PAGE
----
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Jenga films impacts lives

By Jacob Mugendi

John Karanja took four years studying for a bachelor’s degree only to realize he did not need one to become a filmmaker. The skills he needed were not taught in class, but learned in the streets through working with other people. Now, a decade later, John has found his niche as the owner and co-founder of Jenga Films, a multimedia company that uses video to tell stories and impact lives.

Starting out

Jenga Films started with what John calls a divine encounter during a short-term mission organized by the Centre for Mission Mobilization. On the trip, a friend introduced him to Neil Sandoz, a missionary who helped John to kickstart his filmmaking career and later co-founded Jenga Films. Although John had a background in theatre arts and film technology, his encounter with Neil gave him the hands-on skills and exposure.

One of their first jobs was a documentary for an organization that was rescuing pregnant girls in the slums. It introduced him to mission-related filming; but afterwards, similar opportunities were scarce and he struggled to make ends meet.

Power of filmmaking

A turning point came when Jenga Films did a documentary for an organization that offered trauma counselling for kids. Through the video, the organization created awareness and raised more funds, enabling them to secure a bigger space, hire more people, and counsel more kids. It was an opportunity to see his work directly transform lives, and this was his goal.

To date, Jenga Films has worked on many projects with the clear result of reaching many people and transforming organizations. He recently did a documentary for an organization supplying water filters to remote communities in Kenya. It is not easy for partners and other people who are not on the ground to tell the impact of such work. However, in a documentary, viewers see and hear people talk about falling sick from drinking contaminated water and how that has stopped because of the filters.

John believes that missionaries and ministries need to tap the power of multimedia to tell their stories and connect with partners. It is one thing to read a report and another to see the people who have been impacted by someone’s support. Videographers can help bridge the gap between field workers, their sending organizations, and the partners who support them. Video stories also enhance accountability because of the visual confirmation.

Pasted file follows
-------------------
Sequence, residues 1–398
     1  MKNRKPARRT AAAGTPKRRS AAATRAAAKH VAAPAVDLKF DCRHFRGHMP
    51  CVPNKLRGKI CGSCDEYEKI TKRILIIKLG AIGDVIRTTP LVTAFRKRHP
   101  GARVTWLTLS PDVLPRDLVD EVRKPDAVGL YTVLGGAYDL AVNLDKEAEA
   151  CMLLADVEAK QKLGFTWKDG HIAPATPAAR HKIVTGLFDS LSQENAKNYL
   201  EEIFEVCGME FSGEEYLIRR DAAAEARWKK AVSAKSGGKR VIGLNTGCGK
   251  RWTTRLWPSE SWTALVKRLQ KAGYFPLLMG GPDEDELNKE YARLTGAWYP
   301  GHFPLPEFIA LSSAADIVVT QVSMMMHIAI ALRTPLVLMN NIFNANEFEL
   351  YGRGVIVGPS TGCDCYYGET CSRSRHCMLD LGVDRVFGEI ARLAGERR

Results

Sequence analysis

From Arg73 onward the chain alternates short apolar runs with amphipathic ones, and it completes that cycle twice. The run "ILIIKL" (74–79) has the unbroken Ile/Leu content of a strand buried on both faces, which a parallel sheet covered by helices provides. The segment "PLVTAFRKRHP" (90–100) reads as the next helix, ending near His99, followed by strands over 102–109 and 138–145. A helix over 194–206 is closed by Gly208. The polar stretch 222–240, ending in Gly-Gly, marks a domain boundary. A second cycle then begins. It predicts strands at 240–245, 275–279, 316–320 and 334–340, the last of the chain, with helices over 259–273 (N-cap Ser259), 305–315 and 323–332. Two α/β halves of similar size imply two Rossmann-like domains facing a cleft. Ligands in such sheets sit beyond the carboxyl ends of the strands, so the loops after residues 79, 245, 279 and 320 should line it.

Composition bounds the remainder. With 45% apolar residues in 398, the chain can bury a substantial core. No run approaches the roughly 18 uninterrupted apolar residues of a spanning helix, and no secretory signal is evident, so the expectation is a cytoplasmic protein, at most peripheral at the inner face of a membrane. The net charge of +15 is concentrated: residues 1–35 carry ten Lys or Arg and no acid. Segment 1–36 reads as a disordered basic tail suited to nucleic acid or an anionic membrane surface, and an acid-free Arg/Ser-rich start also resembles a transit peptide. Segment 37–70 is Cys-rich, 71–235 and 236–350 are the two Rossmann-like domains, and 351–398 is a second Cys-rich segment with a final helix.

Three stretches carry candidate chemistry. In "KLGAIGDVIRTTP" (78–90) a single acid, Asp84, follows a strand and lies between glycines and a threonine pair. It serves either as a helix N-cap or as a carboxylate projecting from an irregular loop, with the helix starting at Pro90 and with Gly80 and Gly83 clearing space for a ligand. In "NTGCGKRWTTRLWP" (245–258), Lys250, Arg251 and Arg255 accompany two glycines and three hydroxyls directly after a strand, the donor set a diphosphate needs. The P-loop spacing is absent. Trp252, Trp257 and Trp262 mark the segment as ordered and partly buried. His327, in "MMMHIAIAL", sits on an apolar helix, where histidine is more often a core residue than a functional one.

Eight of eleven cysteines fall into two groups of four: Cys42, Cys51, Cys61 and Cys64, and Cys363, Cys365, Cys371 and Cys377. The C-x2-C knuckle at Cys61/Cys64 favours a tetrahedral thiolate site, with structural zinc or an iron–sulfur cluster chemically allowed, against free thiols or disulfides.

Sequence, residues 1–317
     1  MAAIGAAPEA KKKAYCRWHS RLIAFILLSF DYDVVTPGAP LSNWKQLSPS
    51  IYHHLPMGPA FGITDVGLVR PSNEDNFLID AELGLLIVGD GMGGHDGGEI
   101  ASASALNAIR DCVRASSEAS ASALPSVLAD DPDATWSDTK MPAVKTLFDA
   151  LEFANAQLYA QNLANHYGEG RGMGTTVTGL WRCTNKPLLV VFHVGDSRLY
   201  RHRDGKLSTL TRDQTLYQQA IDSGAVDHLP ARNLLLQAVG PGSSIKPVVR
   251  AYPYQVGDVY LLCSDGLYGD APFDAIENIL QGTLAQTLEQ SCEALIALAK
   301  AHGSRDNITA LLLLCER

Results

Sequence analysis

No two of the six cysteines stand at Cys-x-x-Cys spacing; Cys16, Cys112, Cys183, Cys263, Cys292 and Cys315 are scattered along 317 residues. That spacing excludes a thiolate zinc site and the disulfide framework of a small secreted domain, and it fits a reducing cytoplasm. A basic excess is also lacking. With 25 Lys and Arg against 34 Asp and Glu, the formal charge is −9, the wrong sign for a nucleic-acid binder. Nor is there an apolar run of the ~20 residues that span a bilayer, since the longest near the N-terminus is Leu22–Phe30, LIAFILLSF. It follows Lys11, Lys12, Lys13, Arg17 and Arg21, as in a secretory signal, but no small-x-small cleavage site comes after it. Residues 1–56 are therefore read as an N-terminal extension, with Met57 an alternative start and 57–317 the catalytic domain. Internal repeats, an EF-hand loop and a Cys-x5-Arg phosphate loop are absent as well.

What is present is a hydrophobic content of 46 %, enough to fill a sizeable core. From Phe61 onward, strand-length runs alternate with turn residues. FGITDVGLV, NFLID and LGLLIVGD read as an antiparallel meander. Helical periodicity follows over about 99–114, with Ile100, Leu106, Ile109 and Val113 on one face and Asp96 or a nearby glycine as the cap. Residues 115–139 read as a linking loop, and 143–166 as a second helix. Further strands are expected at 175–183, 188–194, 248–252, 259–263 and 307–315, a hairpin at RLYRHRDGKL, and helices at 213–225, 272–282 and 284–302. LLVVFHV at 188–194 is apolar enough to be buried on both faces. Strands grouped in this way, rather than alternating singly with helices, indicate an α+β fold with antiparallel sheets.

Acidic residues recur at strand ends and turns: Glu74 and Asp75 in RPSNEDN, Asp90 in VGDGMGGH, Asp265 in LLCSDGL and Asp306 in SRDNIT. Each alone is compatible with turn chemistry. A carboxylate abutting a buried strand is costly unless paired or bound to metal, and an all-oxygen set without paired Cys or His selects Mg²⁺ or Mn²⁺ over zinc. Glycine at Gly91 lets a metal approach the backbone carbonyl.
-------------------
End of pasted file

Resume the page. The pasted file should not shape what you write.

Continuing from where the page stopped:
Challenges for videographers

Videographers face many challenges. John says that those who acquire all the funds needed before starting a project can plan their activities well. In his case, he depends on payments from interested clients to meet his needs, and this affects his work when projects are few.

Since many Christian organizations do videos at the end of the year, he is usually inundated with offers, but cannot take on all of them because shooting and editing are time-consuming. Some people do not see the value of video documentaries and are unwilling to engage videographers to tell their stories. Others are reluctant to pay a decent fee to cater for filmmaking expenses, mainly because they don’t understand what goes into making a compelling video. A five-minute documentary could involve interviewing 15 people, hours of editing and searching for good music, and take up to two weeks to finish!

Use media

In this era of high media consumption, John encourages believers to use media for greater impact. It may be as simple as sharing a photo or video with partners. This is more appealing than the usual PDF newsletter. Those without advanced media skills can use free apps on smartphones to aid editing. “You can take a long time explaining to people what you do, but a video or a photo will do it in seconds,” John shares. He advises those planning to venture into filmmaking to find professionals who can mentor them. Learning is hands-on; hence, apprenticeship is key to learning the ropes.

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